This is a unique and unlisted Germany 5 Mark reverse trial strike. It is the adopted design in silver. It is uniface since only the reverse die was used to test strike a planchet. Notice that the strike is not full, since as a die trial strike the pressure was not set at the maximum.
Unlisted in Schaaf, Krause and all reference books, it was authenticated and certified Proof 62 by NGC. Regular issued mint state and proof 5 Mark Goethe sell for thousands of dollars. An NGC Proof 62 realized $2,880 in a recent Heritage auction.
Die Trials are usually uniface (struck on one side) impressions using either the obverse or reverse die. These Die Trials can be from finished or unfinished dies. These are deliberate strikes to test a certain design or example. Sometimes hubs are used, rather than the actual finished die.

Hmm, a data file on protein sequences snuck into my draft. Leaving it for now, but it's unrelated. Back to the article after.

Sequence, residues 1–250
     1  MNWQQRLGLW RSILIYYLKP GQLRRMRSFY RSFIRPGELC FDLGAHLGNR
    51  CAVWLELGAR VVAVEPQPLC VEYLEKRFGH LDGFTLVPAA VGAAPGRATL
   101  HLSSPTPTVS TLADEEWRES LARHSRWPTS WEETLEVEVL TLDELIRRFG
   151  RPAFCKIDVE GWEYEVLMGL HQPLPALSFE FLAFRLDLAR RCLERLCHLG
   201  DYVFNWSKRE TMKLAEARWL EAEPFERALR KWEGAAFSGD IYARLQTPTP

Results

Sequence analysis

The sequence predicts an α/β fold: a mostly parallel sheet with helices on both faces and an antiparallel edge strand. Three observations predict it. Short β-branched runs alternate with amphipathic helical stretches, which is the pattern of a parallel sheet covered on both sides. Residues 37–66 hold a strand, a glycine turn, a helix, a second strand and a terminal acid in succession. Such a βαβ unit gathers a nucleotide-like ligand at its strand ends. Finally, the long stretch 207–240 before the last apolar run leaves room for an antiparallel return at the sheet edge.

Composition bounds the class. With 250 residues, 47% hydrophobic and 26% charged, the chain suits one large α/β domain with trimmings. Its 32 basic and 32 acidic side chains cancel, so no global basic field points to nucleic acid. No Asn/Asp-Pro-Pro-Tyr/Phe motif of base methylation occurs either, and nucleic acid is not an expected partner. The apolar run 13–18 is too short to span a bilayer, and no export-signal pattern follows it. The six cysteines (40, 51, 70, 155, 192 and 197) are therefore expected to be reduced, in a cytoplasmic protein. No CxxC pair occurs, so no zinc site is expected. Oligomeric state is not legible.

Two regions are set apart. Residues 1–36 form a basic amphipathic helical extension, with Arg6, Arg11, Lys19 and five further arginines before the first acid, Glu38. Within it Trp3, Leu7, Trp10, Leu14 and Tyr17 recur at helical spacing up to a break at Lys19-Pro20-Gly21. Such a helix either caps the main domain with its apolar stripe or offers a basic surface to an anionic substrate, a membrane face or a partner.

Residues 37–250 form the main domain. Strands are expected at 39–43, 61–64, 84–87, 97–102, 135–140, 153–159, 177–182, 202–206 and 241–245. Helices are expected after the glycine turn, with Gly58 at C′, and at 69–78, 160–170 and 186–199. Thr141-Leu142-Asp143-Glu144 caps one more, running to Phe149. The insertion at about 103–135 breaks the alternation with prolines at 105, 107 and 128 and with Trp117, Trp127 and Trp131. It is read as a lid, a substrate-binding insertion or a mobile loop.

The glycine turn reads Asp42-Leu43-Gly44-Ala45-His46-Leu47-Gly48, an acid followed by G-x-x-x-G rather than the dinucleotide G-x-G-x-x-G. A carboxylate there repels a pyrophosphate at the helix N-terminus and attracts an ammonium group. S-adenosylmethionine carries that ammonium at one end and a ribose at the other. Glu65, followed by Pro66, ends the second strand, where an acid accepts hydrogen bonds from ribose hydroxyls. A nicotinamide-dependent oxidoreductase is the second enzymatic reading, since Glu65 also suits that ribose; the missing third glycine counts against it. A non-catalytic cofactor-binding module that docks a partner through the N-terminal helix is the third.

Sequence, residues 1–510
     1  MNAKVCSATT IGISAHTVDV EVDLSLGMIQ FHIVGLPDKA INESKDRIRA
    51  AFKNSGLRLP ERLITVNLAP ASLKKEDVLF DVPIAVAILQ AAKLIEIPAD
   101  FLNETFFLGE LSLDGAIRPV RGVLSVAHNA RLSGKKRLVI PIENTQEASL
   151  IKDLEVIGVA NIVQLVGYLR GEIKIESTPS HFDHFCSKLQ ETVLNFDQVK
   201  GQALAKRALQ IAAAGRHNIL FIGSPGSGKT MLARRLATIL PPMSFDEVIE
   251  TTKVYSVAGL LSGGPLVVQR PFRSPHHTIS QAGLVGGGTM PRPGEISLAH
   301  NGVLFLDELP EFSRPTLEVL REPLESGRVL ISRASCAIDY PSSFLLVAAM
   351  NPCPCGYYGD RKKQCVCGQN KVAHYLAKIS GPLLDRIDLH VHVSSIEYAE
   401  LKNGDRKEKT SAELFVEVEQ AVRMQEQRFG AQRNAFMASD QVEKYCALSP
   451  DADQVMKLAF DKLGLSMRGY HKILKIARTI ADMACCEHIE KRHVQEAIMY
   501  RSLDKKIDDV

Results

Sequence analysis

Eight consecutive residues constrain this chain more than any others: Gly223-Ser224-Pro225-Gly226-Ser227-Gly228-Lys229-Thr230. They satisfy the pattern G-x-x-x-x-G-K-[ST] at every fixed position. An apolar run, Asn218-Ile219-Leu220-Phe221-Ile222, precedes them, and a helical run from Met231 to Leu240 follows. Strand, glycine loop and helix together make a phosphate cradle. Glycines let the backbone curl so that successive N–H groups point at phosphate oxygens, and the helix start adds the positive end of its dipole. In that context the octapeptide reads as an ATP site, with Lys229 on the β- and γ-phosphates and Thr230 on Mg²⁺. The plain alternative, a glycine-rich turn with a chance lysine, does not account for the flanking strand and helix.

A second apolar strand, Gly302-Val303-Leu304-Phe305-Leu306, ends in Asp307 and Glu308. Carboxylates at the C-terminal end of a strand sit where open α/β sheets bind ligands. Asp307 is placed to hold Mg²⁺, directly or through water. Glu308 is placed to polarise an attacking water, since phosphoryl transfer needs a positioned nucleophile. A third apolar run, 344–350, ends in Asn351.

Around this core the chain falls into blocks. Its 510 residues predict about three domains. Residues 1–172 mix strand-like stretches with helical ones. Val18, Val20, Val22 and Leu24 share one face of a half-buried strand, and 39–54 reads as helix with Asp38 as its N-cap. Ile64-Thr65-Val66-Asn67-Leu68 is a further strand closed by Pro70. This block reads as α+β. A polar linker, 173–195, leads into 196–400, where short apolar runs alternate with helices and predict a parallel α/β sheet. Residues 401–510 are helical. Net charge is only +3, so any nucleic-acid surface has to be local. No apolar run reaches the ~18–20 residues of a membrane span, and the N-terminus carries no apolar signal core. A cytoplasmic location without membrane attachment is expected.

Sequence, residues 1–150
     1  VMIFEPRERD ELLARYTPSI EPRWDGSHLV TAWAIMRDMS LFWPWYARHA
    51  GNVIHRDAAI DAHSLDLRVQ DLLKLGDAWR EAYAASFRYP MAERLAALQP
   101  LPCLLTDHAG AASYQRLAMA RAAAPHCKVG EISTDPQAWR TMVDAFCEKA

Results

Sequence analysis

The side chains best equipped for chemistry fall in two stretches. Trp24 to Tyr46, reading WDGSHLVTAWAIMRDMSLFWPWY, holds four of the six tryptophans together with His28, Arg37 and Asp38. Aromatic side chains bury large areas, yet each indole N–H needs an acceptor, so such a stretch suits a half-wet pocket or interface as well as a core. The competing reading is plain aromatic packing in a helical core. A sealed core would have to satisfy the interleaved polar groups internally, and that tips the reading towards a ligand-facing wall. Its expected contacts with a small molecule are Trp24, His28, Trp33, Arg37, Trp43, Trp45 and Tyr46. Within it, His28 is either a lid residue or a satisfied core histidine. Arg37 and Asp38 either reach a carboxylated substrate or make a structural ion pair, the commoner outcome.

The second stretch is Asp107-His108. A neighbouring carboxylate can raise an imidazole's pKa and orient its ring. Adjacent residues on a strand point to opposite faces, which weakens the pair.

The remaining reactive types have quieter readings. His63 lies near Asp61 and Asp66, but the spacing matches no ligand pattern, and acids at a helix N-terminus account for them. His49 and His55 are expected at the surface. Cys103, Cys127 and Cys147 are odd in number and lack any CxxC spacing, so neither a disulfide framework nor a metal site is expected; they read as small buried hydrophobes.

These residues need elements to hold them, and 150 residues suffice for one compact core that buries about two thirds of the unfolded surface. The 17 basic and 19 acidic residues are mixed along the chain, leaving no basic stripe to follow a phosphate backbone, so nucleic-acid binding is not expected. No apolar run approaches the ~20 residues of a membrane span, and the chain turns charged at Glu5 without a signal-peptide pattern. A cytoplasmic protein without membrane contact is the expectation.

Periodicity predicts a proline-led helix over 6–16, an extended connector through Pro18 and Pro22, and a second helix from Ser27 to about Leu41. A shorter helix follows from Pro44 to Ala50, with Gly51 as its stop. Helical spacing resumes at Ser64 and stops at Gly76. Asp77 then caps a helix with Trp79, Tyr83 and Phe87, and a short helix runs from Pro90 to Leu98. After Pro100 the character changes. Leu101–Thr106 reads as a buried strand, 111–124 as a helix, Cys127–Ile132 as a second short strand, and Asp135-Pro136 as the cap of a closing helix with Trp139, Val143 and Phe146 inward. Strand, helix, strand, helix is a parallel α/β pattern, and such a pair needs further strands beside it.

Metals other than the adopted composition are frequently used to strike die trials. They are sometimes struck in copper and white metal. Other times they are struck in softer metals like tin or lead. There are even some examples struck in wax and on cardboard. Die Trials that are struck in gold are exceeding rare.
Many pattern enthusiasts have always wanted a die trial to go along with the specific type or denomination of pattern(s) that they collect. A new demand has emerged for die trials, hub trials and splashers. Collectors of major mint errors are placing these in their collections because they are unusual, exotic and unique.
Here is a proof 5 Mark with the same reverse adopted design:
Hub Trials and Die Trials are featured in chapter 13 of the
NLG Award winning book, World's Greatest Mint Errors: